I finished reading “Venture Deals: Be Smarter Than Your Lawyer and Venture Capitalist” by Brad Feld & Jason Mendelson. Before jumping into my next book, thought I’d take some time to reflect and make a few notes on the Venture Deals book.
Venture deals is a must read if you want to raise money for your startup. It will help you understand how VC (venture capital) works and how VC backed companies operate. It covers the following:
1. The process of raising money
2. Whether venture capital is appropriate for your startup
3. How to approach a venture capitalist
4. Term sheet (the initial offer) and the terms used
5. Letter of Intent
6. How to negotiate
7. How Board of Directors works and how to structure it.
8. How employee option pools work and it factors into valuation
9. What happens when you sell your company
10. How a VC fund operates
Importantly, it tells you what to focus on which is economic terms and control terms. Also what not to focus on and when your lawyer is wasting your time & money. I learned about terms such as participating shares, fully participating, liquidation preferences.
I’d say this is a good book to read quickly to understand how it works. Then its something you would go back to and read in more detail when you go through the process. When you need to refer to something. It does provide a structured way to think about raising money and how to go about it.
I’m glad they wrote this book to open up the work of startup investing and venture capital. The skeptic in me also thinks about the motivation for writing this book – its great marketing for them to bring in more deal flow and to get deals structured this way.
Sometimes the book lost me with some of the examples which involved numbers. I had to read those a few times to understand them. There’s a bunch where I don’t get it. I would need to analyse it for a while, do the calculation myself using a calculator or spreadsheet to understand the maths.
I also had some prior knowledge which helped with reading this book as I’ve come across some of this stuff before. So that helped me get through the book a lot easier and some of those things made sense to me. It provided me some more colour as to how it worked. From working as an accountant at Deloitte, I was involved in the tax/accounting side of venture deals. As an entrepreneur I’ve pitched to many VC’s and also speak to many friends who have raised money. I also speak to angel investors and venture capitalists to understand how they think.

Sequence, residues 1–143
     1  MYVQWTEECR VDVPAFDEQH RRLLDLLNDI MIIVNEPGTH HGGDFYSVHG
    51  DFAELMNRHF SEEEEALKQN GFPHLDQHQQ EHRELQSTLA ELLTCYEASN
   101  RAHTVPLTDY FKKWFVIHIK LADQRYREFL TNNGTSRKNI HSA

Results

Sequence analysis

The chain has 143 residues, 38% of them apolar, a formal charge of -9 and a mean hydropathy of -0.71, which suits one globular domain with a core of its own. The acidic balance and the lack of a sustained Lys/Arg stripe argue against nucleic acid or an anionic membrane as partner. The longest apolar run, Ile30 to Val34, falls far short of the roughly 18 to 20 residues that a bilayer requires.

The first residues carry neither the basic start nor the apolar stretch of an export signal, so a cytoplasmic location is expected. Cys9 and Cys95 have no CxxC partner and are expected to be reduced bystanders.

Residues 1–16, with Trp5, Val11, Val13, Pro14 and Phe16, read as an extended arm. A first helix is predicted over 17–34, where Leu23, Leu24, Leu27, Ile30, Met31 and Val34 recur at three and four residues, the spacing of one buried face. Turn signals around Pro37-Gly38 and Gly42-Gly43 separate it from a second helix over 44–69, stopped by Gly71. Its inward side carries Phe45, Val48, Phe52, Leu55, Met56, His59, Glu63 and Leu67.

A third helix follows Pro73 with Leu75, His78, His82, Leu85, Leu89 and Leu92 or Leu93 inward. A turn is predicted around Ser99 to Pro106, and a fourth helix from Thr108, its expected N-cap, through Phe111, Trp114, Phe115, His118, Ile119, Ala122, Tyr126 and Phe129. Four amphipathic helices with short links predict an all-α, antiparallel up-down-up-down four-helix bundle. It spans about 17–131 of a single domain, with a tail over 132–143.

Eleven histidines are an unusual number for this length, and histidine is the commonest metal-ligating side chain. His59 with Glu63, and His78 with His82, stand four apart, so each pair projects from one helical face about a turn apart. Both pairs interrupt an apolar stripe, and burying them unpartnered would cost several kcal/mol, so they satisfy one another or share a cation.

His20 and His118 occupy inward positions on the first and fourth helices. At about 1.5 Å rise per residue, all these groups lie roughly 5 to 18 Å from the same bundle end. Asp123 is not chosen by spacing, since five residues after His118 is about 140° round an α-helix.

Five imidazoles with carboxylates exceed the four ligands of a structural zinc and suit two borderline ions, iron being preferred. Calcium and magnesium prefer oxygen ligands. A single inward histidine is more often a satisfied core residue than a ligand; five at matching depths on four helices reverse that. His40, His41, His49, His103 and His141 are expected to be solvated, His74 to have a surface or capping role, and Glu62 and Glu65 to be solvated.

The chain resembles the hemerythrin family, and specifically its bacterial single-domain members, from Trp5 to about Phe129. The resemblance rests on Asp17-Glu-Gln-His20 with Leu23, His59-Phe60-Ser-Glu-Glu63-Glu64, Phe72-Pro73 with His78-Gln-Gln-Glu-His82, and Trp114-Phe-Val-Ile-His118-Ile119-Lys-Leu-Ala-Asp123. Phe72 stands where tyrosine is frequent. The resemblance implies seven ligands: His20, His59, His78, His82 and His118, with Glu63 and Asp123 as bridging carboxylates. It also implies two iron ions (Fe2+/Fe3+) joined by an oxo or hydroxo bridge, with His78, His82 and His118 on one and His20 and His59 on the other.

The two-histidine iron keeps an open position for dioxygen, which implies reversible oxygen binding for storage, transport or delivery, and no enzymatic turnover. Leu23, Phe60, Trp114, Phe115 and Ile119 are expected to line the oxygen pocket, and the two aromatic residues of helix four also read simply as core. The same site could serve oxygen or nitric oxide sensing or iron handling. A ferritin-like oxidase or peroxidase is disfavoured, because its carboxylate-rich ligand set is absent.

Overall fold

The small print
I’d like to add some final notes for the venture deals book which are very important. Some of its from the book and from my experience.
1. Raising money is not the goal of a startup. The goal is to solve a customer problem and find a viable business model.
2. Raising money is not necessary for a startup. It only suits certain startups, like a small %. It is a necessary evil. It can be viewed that way and several investors have also expressed it that way. You may need it to scale your business, particularly in a competitive market. Also, depends on your projections and what you are aiming to do.
3. There are some awesome bootstrapped companies. Bootstrapped companies are businesses that have never raised money and reinvested their profits back into their own growth. There are companies that were bootstrapped for a very long time before raising money. Bootstrapped companies are the norm, not the exception.
4. When you raise money, you are committing to a relationship with your investors. Its relatively permanent. Its not easy to get rid of them. So you have to find investors that you can work with. It is a long term relationship.
Want to learn more about venture capital?
Check out the website Ask The VC from the authors of the Venture Deals book.
If you would like to learn more about venture capital, check out the Ask Me Anything session we did with Niki Scevak from Blackbird Ventures. He’s one of Australia’s leading startup investors. Read the Q&A here.
I’m out like your burn rate,